“Who does?” Akari shouts as we step out into the main lobby. It’s teeming with people—trainees rushing to classes and staff rushing to their offices, prepping for the big Electric Flower concert in Busan next weekend. We pass the cafeteria—famous for being the only Michelin-starred corporate cafeteria in all of Asia. Even international superstars like Joe Jonas and Sophie Turner have come here just to eat the food. Too bad it’s wasted on most of the trainees and idols who are actually repped by DB, as we’re meticulously weighed each week. Can’t afford to pop out of our costumes onstage (sarcasm intended).

The auditorium is one of my favorite places on campus, all gleaming blond wood and faux-industrial iron chandeliers dangling from the ceiling. The stage rises dramatically in the center of the room (to more accurately reflect the experience of a stadium tour, of course) with plush, velvet-covered seating surrounding it.

Mr. Noh is already standing onstage with the new trainees lined up behind him as we slide into the first row of seats. I look at the kids onstage; they are fidgeting and smiling with the excited, nervous energy that other kids might feel on their first day of school. Mr. Noh, tacky as ever in head-to-toe Prada, looks the way he always does: narrowed, critical eyes hidden behind mirror-tinted glasses, able to spot an underperforming trainee from a mile away, but with hands resting gently on the newbies’ shoulders in a failed attempt to seem fatherly.

As he drones on about the challenges that await this fresh batch of future K-pop stars, my eyes wander over to the food set up on tables at the side of the auditorium. It’s a lavish Western-style spread of prosciutto and fig sandwiches, rosewater doughnuts, and fruit platters bursting with fresh mango and lychee. A small group of DB execs and senior trainers have already set up camp around the banquet tables, stuffing their faces. I see a familiar flash of neon-pink hair among them and wave at Chung Yujin, DB’s head trainer. Yujin was the one who first scouted me while I was singing “Style” inside a noraebang in Myeong-dong. I was eleven years old, and Leah and I were visiting our halmoni in Seoul for the summer. I’m seventeen now and Yujin’s still the person at DB I look up to most—she’s my mentor, my unni. No one but Akari knows about our history, though, and how close we really are. Yujin always says my life as a K-pop trainee is already hard enough (what with Mr. Noh’s interest in me and my special schedule), that she doesn’t want to pile on by telling everyone I’m her favorite. She waves back discreetly, pretending to look interested as a wrinkled old exec grabs her by the arm and starts gabbing in her ear. She catches my eye from across the auditorium and mouths, Help.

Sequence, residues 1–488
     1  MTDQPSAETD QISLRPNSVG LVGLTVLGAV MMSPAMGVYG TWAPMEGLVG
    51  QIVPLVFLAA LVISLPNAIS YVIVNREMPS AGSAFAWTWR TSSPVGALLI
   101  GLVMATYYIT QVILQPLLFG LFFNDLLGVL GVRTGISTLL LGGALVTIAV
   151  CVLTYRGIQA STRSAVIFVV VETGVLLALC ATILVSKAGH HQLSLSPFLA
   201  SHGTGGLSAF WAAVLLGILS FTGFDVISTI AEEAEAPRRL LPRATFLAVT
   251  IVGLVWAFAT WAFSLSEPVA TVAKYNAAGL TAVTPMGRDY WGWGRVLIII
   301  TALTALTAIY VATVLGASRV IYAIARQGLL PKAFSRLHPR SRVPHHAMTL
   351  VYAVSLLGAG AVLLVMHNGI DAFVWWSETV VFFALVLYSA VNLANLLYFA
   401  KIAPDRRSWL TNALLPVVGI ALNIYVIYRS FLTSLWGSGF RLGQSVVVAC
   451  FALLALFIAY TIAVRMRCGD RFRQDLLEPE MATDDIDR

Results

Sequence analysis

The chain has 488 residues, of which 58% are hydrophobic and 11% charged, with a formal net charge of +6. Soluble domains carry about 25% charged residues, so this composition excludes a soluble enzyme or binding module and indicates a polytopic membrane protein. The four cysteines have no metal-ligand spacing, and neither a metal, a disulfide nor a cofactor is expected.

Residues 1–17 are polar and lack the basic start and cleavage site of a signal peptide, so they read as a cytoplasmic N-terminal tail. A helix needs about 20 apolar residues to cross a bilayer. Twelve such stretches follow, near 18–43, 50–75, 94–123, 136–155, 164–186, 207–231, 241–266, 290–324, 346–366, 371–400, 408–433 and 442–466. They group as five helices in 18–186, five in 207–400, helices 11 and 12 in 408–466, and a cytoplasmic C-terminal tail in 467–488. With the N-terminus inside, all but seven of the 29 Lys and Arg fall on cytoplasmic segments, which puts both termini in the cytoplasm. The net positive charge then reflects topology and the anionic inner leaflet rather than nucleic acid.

I giggle to myself, my eye sliding to a big orange-and-white sign displayed on the table: ON BEHALF OF CHOO MINA AND HER FATHER, WE ARE PROUD TO BE PART OF THE DB FAMILY. BON APPÉTIT! My grin vanishes. Maybe I can say no to free food after all.

“I think I just lost my appetite,” I say flatly.

Akari follows my eyes to the sign. “Oh,” she says. She laughs, trying to lighten my mood. “Come on, Mina’s not that bad.”

“Remember what happened at my bowing ceremony?”

Akari smiles, eyes crinkling. “Ooh, yeah, I love this story.”

On my first day as a DB newbie, I had no idea I was supposed to bow to the senior trainees at this ceremony. I was fresh off the plane from New York City—and even though both my parents are Korean, bowing isn’t really something you do all that much in the States. When I was a kid, it was just something we did when we visited my parents’ friends from church during the new year, and that was the full formal Korean bow (and it was worth it too, for the crisp twenty-dollar bill they always handed to us afterward). I thought the ceremony was just a welcoming event, a chance to meet the other trainees. Yujin-unni, knowing I wouldn’t know what to do, whispered in my ear that I should bow to the elder trainees. So I did—to the older teens standing in a row. But when I got to Mina, a girl my own age, I just stuck out my hand to shake hers, thinking it was the right (and polite!) thing to do. I might as well have kicked her in the stomach and spit in her hair for the tantrum she had.

By now Akari has taken over the story, mimicking Mina’s world-class meltdown. “?‘Who does this bitch think she is?’?” She crows with laughter. “?‘She thinks she’s some kind of hotshot because she’s from America? Learn some manners, newbie.’?” I roll my eyes, recalling how she immediately tattled on me to Mr. Noh, demanding I be punished for my lack of respect to a sunbae (literally anyone with more experience than you, even if that person is your same age or younger). Thankfully, Yujin put a stop to that. But since then, Mina has basically made it her goal in life to destroy me.